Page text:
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Executive Summary

Photo of HHS staff talking at a table.

Photo Courtesy of CDC Connects, James Gathany, Photographer

Our Year

Improving transparency within federal programs and standardization of grants data were two major activities that impacted multiple business communities across the Federal Government in 2014. The Digital Accountability and Transparency Act of 2014 or the DATA Act was signed into law on May 9, 2014 and is designed to foster greater transparency of financial information through the use of government-wide financial data standards and publically available financial data. In August 2014, HHS established within the Office of the Assistant Secretary for Financial Resources (ASFR) the DATA Act Program Management Office (DATA Act PMO) to support implementation of the DATA Act with three primary objectives: to design a cohesive and coordinated strategy which leverages intellectual and financial resources and reduces the risk of duplicative efforts; to ensure engagement and support of Operating Divisions (OPDIVs) and Staff Divisions (STAFFDIVs) stakeholders; and, to position HHS to guide its own DATA Act future while serving as a leader in the government-wide arena.  (The DATA Act PMO is organizationally located in the Office of Grants and Acquisition Policy and Accountability, within ASFR.)

HHS is committed to standardizing data elements for the federal grants life cycle, and in 2014, participated in several external and internal workgroups to establish a set of approved data elements that will have the same meaning across the grants administration lifecycle – from pre-award activities through to post award reporting, for use by all federal grant making agencies.

Now in its third year of production, the interactive Annual Report provides the public an open and transparent view of how HHS tracks and accounts for grant spending through the use of interactive maps and graphs. The online format allows greater accessibility of data to the public and provides viewers with tools to customize and display information, and download graphs and data digitally.

Grant Highlights for FY 2014

  • HHS awarded approximately 75,379 grants.
  • 88% of HHS’ grant funds were allocated to entitlement (block, closed-ended and open-ended) grants.
  • Universities and colleges represented 34 of the top 50 HHS discretionary grant recipients.
  • The six states receiving the most HHS grant funds were California, Florida, New York, Ohio, Pennsylvania, and Texas.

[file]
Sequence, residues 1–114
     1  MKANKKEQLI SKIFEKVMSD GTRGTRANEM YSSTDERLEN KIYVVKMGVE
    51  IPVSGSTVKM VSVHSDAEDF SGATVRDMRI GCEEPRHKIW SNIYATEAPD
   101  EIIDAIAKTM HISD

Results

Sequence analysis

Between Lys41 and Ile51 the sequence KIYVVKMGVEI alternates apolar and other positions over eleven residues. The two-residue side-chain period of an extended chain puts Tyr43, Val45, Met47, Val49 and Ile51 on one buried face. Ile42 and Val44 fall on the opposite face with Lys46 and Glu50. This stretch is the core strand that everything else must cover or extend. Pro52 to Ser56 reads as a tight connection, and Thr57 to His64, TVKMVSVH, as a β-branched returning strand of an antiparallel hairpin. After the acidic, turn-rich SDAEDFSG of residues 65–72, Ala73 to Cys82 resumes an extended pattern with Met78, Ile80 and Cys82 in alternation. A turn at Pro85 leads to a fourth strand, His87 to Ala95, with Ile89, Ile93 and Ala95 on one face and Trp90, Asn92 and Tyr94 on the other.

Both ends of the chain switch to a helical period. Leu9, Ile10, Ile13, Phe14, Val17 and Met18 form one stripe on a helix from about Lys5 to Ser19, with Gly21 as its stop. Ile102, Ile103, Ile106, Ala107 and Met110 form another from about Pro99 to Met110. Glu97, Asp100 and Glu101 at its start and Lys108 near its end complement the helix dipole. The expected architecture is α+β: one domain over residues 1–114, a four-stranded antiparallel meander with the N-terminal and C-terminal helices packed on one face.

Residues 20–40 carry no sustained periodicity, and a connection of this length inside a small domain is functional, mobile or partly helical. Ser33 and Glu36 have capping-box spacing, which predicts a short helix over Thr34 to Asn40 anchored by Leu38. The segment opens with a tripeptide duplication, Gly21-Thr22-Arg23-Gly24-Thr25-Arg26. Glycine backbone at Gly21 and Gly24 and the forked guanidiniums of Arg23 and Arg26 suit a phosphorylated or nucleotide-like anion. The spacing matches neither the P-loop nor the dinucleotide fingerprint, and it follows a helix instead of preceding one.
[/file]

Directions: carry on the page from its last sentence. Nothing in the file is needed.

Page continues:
• The Centers for Medicare and Medicaid (CMS) awarded over 77% of all HHS grant dollars.
  • The National Institutes of Health (NIH) awarded nearly 66% of all HHS grants.

Funding Highlights for CY 2014

New HHS grants increase, improve learning opportunities for young children - HHS’ Administration for Children and Families (ACF) announced preliminary winners for its Early Head Start-Child Care Partnerships grants to improve the quality of existing child care programs and expand access to high-quality care for infants and toddlers. Thus far, 234 preliminarily selected grant applicants in 49 states, Washington D.C., Puerto Rico and the Northern Mariana Islands will receive over $435 million in funding to help offer care and services to ensure that infants and toddlers have access to Early Head Start services in their communities.

Grants to prevent chronic diseases - The Centers for Disease Control and Prevention (CDC) announced nearly $212 million in grant awards to all 50 states and the District of Columbia, to support programs aimed at preventing chronic diseases such as heart disease, stroke and diabetes. Funded in part by the Affordable Care Act, the awards will strengthen state and local programs aimed at fighting these chronic diseases, which are the leading causes of death and disability in the United States, while helping to lower our nation’s health care costs. A total of 193 awards are being made to states, cities, counties, tribes, tribal organizations, national and community organizations, with a special focus on populations hardest hit by chronic diseases.

Grants to improve mental health services for young people - Health Resources and Services Administration (HRSA) and Substance Abuse and Mental Health Services Administration (SAMHSA) announced today $99 million to train new mental health providers, help teachers and others recognize mental health issues in youth and connect them to help, and increase access to mental health services for young people. These funds were included in the President and Vice President’s Now Is the Time plan to reduce gun violence by keeping guns out of dangerous hands, increasing access to mental health services, and making schools safer. The list of award winners can be found on HRSA's and SAMHSA's websites.

HHS awards $65 million in Healthy Start grants to reduce infant mortality - Health Resources and Services Administration (HRSA) and Substance Abuse and Mental Health Services Administration (SAMHSA) released $65 million in grants to help 87 organizations in 33 states reduce high infant mortality rates and other health problems related to pregnancy and mothers’ health. Healthy Start is targeted to the needs of vulnerable mothers and infants in areas of the country with disproportionately high rates of infant mortality. Twenty-two of these awardees serve rural communities, four will serve the United States-Mexico border, and three programs will serve a predominately Native American population. In addition, twenty-two organizations will be using these funds to create Healthy Start programs for the first time. The Healthy Start program is managed by HHS’ Health Resources and Services Administration.